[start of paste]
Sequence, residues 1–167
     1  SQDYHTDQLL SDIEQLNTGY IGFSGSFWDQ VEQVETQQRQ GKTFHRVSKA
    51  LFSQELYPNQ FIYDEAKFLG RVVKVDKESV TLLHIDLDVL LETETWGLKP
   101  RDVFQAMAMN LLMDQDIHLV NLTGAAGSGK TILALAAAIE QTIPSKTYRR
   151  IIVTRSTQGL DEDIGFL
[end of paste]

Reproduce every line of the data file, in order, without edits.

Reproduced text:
Sequence, residues 1–167
     1  SQDYHTDQLL SDIEQLNTGY IGFSGSFWDQ VEQVETQQRQ GKTFHRVSKA
    51  LFSQELYPNQ FIYDEAKFLG RVVKVDKESV TLLHIDLDVL LETETWGLKP
   101  RDVFQAMAMN LLMDQDIHLV NLTGAAGSGK TILALAAAIE QTIPSKTYRR
   151  IIVTRSTQGL DEDIGFL